Atmospheric forcing data from EC’s operational numerical weather prediction (NWP) model, the 15-km version of the regional Global Environmental Multiscale (GEM) model (Mailhot et al. 2006), is used to drive the evolution of the land surface state simulated by SPS in external mode. Downwelling shortwave and longwave radiation and surface pressure are taken at the surface, while air temperature, specific humidity, and wind are taken from GEM’s lowest vertical level, which is roughly at 20 m for temperature and humidity and 40 m for the wind. As detailed in Bernier et al. (2014), the downscaling procedures of forcing data are embedded within SPS, including interpolation to the high-resolution surface of air temperature, surface pressure, and specific humidity.

With respect to precipitation, the forcing data come from two sources: the regional GEM model forecasts of hourly precipitation accumulation and the Canadian Precipitation Analysis (CaPA; Mahfouf et al. 2007). The 6-h CaPA product is disaggregated into hourly accumulation totals using the temporal structure provided by GEM hourly precipitation (Carrera et al. 2010).

d. Geophysical fields

Since SPS is run at hyperresolution (100 m), it is important to describe surface state with the greatest accuracy. Thus, several databases from different sources are used. For crops, which cover most of the domain, the fractional cover of each type during the summer of 2014 was obtained from Agriculture and Agri-Food Canada (AAFC) crop inventory (http://www.agr.gc.ca/atlas/data_donnees/agr/aafcCropTypeMapping/tif/, contains information licensed under the Open Government Licence–Canada). The seasonal cycle of the roughness length Z0 for each crop type was derived from crop height measurements taken throughout the growing season in 2014 over the Kenaston site (see section below). The seasonal cycle of the leaf area index (LAI) was obtained from the Canola Council of Canada for canola, from the United Kingdom’s Home Grown Cereals Authority (HGCA) for wheat, and from the Alberta Pulse Growers for lentils. Maximum rooting depth of each crop type, which remains constant throughout the simulation, comes from Cutforth et al. (2013). For other vegetation types, mainly needleleaf evergreen trees and grass, fractional cover comes from the European Space Agency’s (ESA) GlobCover (version 2.3; 2009) at 300-m resolution, and the LAI, rooting depth, and Z0 are obtained from lookup tables. Soil composition is extracted from the Soil Landscapes of Canada dataset (version 2.1) of Agriculture Canada, which has a 10-km resolution. Here, this dataset gives a homogeneous soil texture horizontally as well as vertically throughout the study domain. The orography of the region is obtained from the Canadian Digital Elevation Data (CDED50) geospatial dataset with a 20-m resolution over Canada.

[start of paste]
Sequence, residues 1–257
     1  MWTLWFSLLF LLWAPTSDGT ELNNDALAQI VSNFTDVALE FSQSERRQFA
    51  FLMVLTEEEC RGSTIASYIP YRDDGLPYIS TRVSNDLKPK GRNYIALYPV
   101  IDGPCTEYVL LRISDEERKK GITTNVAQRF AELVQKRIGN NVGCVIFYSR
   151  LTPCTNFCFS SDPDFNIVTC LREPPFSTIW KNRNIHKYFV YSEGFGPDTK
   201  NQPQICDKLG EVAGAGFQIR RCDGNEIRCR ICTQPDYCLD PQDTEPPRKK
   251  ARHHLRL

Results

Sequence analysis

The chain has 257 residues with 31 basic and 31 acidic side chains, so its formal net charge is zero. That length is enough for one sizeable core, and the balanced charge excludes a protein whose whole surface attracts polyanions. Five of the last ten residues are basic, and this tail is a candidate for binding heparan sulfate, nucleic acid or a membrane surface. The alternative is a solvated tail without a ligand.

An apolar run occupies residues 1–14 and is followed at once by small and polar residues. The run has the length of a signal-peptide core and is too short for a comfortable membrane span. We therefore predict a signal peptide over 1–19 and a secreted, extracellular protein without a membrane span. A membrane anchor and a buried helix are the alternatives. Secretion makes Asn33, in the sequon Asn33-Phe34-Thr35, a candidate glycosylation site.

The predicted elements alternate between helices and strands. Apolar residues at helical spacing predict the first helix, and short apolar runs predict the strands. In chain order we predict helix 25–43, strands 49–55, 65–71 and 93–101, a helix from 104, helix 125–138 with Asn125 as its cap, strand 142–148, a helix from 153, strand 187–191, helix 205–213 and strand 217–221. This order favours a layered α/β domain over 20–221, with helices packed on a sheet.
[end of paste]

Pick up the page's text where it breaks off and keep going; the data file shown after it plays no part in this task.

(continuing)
e. Verification dataset

The Brightwater Creek soil moisture observation network (Champagne et al. 2010) was developed over southern Saskatchewan to support soil moisture validation activities for ESA’s Soil Moisture Ocean Salinity (SMOS) and NASA’s SMAP missions. The network consists of 36 observation stations situated within agricultural fields over a 1600 km2 region, each measuring soil moisture and soil temperature at depths of 5, 20, and 50 cm. Please note that the observation sites are mostly skewed to the western, lower-elevation portion of the model domain. The soil moisture monitoring network has been used in previous validation efforts for soil moisture products derived from passive microwave brightness retrievals (e.g., Champagne et al. 2010; Djamai et al. 2015).

3. Results and discussion